George Iordanou Politics, Philosophy and (not much) Real Life

After Virtue

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I am now reading Alasdair MacIntyre’s book After Virtue (1981).

Here is a nice excerpt from page 38:

We are so accustomed to classifying judgments, arguments and deeds in terms of morality that we forget how relatively new the notion was in the culture of the Enlightenment. Consider one very striking fact: in the culture of the Enlightenment the first language of educated discourse was no longer Latin, but it remained learning’s second language. In Latin, as in ancient Greek, there is no word correctly translated by our word ‘moral’; or rather there is no such word until our word ‘moral’ is translated back into Latin. Certainly ‘moral’ is the etymological descendant of ‘moralis’. But ‘moralis’, like its Greek predecessor ‘ethikos’- Cicero invented ‘moralis’ to translate the Greek word in the De Fato-means ‘pertaining to character’ where a man’s character is nothing other than his set dispositions to behave systematically in one way rather than another, to lead one particular kind of life.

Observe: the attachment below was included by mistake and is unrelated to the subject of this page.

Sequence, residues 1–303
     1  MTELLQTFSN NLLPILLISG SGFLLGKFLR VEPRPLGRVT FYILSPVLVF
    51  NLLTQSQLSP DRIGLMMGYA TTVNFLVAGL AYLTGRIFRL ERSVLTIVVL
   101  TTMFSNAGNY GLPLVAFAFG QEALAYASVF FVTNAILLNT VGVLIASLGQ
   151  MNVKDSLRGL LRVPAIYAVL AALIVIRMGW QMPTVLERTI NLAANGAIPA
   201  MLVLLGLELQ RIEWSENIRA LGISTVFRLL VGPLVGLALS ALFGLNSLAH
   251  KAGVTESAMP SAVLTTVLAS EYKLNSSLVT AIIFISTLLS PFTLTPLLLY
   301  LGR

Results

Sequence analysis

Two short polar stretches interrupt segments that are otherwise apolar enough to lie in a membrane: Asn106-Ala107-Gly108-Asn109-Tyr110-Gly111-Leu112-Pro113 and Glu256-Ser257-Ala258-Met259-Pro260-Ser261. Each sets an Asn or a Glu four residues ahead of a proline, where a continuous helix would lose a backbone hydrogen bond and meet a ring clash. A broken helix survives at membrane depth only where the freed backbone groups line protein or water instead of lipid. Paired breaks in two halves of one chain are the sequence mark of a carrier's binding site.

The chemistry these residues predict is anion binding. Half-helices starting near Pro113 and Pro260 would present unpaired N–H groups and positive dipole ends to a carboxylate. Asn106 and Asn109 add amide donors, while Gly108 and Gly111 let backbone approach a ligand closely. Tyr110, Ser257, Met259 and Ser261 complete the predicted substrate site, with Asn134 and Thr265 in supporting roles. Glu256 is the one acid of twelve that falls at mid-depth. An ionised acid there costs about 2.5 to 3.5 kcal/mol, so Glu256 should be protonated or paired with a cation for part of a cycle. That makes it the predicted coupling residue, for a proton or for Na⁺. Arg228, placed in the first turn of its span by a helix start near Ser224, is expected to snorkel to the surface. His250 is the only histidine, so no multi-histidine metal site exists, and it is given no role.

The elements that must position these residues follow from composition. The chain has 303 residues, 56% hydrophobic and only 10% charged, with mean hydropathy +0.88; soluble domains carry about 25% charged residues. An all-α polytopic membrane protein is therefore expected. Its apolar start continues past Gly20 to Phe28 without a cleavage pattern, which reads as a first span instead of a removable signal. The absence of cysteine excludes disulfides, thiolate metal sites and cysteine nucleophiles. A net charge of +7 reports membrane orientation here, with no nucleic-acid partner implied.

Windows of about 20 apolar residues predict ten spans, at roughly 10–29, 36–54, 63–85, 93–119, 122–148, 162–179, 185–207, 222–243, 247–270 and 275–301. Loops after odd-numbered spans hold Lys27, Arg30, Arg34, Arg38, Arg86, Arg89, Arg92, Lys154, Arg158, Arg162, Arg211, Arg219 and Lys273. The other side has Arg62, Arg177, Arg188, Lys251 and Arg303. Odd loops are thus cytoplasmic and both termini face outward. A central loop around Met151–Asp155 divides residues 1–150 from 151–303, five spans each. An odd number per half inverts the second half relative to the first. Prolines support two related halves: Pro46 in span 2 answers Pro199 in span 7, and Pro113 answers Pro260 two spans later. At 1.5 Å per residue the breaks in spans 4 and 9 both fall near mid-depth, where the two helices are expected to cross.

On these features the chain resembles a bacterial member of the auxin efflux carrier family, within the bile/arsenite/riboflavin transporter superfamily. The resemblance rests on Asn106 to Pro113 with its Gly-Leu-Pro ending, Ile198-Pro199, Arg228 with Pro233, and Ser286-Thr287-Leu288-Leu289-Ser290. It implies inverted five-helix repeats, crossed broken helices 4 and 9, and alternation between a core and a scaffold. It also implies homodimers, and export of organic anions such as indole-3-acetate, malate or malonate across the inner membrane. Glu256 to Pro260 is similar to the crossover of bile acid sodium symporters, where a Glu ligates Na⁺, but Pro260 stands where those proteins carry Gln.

About the author

George Iordanou

I'm mostly interested in politics and philosophy, which makes up for the majority of this blog. As this is an archive of what I have written over the years, it also provides a glimpse into my personal life. I'm currently working in the humanitarian sector. In my past life I was in academia where I completed a Ph.D. in political theory with focus on multicultural citizenship. I'm one of the few people lucky enough to be given the opportunity to actually practice their research interests. Needless to say, whatever I write here is strictly my personal opinion and does not represent anyone else.

You can also find me on twitter @iordanou.

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George Iordanou Politics, Philosophy and (not much) Real Life

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